Settling the Matter

Wilson may have been a little too happy to see the original deal fall through. Not only did he not want a domed stadium, it gave him the opportunity to take a better look at relocation. As a result, New York State and Erie County agreed to pay double their previously agreed-upon percentage to ensure both the swift erection of the stadium and the long-term residency of the Buffalo Bills. The groundbreaking ceremony took place on April 4th, 1972 in Orchard Park, New York. Both Ralph Wilson and Erie Council Chairman Richard J. Keane held the shovel.

The Business Of Branding

However, the fight was not yet done. The stadium may have been on it’s way, but it still needed a name. As part of the stadium agreement, the team was required to sell the naming rights to the building. It wasn’t the first time an NFL team had sold naming rights, but it was far from a common practice. Once again, Wilson strictly opposed to it. The decision wouldn’t be his to make, despite his best efforts, as finding an outside sponsor became the responsibility of Buffalo’s Chamber of Commerce. Their search came up empty.

Hearing of this, Robert Rich Sr. of Rich Products offered $1 million for a 10-year naming rights deal, then changed it to a $1.5 million over 25 years. Despite a qualifying offer from Wilson himself to call the stadium “Buffalo Bills Stadium”, Erie Country voted in favor of Rich, though they insisted on the name “Rich Stadium” over the originally suggested “Coffee Rich Park”. Ralph was having none of it.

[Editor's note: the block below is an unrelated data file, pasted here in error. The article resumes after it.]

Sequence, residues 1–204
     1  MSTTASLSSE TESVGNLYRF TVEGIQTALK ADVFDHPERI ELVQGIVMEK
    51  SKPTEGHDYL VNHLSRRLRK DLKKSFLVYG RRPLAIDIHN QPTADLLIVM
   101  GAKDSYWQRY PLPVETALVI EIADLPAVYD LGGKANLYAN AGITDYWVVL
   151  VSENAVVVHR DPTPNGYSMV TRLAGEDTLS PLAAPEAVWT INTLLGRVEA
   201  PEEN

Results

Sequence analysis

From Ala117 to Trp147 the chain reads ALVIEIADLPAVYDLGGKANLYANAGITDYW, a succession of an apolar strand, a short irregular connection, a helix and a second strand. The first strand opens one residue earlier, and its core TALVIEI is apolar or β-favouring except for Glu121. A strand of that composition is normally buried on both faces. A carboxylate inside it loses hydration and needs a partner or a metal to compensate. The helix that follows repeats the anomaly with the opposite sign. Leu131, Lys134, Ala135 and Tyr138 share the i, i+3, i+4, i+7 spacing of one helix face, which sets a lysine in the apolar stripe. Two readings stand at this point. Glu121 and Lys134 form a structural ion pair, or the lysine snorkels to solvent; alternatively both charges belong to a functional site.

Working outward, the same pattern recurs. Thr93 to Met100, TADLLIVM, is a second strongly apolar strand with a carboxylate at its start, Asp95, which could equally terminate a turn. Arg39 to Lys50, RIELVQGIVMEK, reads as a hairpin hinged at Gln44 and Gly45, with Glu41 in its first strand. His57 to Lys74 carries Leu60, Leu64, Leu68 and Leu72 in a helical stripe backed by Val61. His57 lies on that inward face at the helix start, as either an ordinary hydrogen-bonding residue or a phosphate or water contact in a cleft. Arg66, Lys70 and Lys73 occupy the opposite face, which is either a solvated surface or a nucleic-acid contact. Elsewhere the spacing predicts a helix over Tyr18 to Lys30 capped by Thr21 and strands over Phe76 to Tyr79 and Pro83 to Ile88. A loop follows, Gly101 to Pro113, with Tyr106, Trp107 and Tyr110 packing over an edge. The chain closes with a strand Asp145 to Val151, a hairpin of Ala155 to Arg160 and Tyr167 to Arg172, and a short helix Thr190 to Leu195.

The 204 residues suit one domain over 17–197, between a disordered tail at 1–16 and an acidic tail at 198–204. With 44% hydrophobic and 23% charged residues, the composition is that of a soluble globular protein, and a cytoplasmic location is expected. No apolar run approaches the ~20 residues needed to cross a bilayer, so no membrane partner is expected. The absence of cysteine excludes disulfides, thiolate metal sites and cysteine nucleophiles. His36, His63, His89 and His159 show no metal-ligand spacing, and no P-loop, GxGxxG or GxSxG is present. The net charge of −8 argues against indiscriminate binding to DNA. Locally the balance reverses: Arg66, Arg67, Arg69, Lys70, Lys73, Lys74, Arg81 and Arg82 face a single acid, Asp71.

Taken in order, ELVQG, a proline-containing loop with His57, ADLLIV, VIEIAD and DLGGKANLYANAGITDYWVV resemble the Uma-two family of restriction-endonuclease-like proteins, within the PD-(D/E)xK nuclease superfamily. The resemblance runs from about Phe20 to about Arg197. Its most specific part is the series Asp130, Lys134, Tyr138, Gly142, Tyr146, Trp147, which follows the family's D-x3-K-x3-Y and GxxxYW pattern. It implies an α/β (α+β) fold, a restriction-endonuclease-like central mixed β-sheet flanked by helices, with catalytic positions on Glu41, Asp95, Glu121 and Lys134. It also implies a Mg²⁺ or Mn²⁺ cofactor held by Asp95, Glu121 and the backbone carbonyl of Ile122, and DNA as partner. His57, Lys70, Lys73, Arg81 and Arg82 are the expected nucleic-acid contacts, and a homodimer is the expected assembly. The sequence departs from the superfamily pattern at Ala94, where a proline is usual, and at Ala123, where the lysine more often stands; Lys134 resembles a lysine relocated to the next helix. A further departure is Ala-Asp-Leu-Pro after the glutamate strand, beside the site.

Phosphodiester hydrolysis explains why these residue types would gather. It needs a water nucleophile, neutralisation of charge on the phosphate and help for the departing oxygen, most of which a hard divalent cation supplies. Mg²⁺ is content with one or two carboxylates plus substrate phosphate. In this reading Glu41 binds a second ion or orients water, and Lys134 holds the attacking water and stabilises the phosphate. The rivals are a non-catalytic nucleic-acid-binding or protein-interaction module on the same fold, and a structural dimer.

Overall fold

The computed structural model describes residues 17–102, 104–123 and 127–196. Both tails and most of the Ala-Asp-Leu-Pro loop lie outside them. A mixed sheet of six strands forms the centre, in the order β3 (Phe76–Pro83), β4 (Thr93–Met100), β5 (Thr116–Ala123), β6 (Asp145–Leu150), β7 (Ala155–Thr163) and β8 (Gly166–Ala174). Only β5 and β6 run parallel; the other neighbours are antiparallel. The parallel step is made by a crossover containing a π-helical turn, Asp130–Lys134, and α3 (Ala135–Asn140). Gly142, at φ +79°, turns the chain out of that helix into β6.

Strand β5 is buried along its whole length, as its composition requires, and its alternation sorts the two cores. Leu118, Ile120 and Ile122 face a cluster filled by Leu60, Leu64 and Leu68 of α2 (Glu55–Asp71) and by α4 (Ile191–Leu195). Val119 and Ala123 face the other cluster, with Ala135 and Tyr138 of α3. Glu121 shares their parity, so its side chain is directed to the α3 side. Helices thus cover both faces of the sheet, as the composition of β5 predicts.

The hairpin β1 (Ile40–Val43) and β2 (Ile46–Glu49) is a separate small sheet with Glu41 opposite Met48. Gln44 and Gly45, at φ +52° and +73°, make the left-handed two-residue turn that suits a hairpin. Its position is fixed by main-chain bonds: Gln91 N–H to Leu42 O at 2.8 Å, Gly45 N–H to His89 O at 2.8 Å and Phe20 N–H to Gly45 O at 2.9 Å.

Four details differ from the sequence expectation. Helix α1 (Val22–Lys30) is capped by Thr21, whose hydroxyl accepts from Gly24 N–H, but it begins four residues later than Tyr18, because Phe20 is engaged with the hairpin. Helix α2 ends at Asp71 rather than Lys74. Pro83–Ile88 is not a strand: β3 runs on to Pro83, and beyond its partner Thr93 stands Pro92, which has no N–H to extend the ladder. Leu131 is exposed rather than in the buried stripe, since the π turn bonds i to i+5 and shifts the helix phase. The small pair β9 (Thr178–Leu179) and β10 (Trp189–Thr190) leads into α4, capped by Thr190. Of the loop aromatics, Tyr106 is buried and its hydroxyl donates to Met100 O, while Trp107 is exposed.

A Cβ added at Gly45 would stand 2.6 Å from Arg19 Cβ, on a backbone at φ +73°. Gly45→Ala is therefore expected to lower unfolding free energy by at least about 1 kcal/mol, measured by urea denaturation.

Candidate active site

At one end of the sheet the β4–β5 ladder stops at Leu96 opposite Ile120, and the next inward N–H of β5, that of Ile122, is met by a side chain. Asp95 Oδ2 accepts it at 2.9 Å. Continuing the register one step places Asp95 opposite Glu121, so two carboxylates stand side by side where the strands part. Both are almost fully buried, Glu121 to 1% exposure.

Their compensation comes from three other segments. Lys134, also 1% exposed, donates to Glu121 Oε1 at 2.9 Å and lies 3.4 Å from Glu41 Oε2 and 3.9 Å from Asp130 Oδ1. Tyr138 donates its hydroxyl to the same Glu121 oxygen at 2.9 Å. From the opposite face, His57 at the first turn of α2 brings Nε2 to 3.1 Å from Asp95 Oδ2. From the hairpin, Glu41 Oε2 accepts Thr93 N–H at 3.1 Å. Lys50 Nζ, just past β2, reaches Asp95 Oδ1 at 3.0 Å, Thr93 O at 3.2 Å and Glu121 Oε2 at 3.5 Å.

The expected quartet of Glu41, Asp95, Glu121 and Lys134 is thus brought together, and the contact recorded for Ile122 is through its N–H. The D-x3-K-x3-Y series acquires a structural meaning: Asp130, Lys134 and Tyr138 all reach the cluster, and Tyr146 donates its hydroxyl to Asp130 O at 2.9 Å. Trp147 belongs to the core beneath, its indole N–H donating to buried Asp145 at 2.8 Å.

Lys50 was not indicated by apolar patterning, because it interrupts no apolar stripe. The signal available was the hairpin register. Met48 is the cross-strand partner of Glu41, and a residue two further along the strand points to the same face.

A “Rich” History

Wilson proceeded to be the biggest thorn in the side of Rich Products that he could plausibly be. He loathed the name. He thought it made his team the laughing stock of the NFL and took every opportunity to shed it where possible. The county had to file a restraining order against the Bills organization when workers were found stealing “Rich Stadium” signs and disposing of them in the night. Gameday programs and similar promotional material instead referred to the building as “the new stadium” or by it’s street address, “One Bills Drive”. The second of these titles sticks to this day, but, understandably, Rich had a problem with this.

After 10 years of lawsuits, grievances, and other legal action, Wilson and his NFL team finally used the name. When the naming rights deal finally expired, Wilson started the bidding war unreasonably high to ensure Rich Products wouldn’t get the chance to keep it. The fight was over, and no-one had won in a real sense. If anything, Ralph got the last laugh. Rich Stadium would be renamed Ralph Wilson Stadium in his honor. He wouldn’t try and steal the sign for that arena, that much was for certain.

Sources

https://www.bloomberg.com/news/articles/2016-06-21/the-ugly-fight-behind-one-of-football-s-first-stadium-naming-rights-deals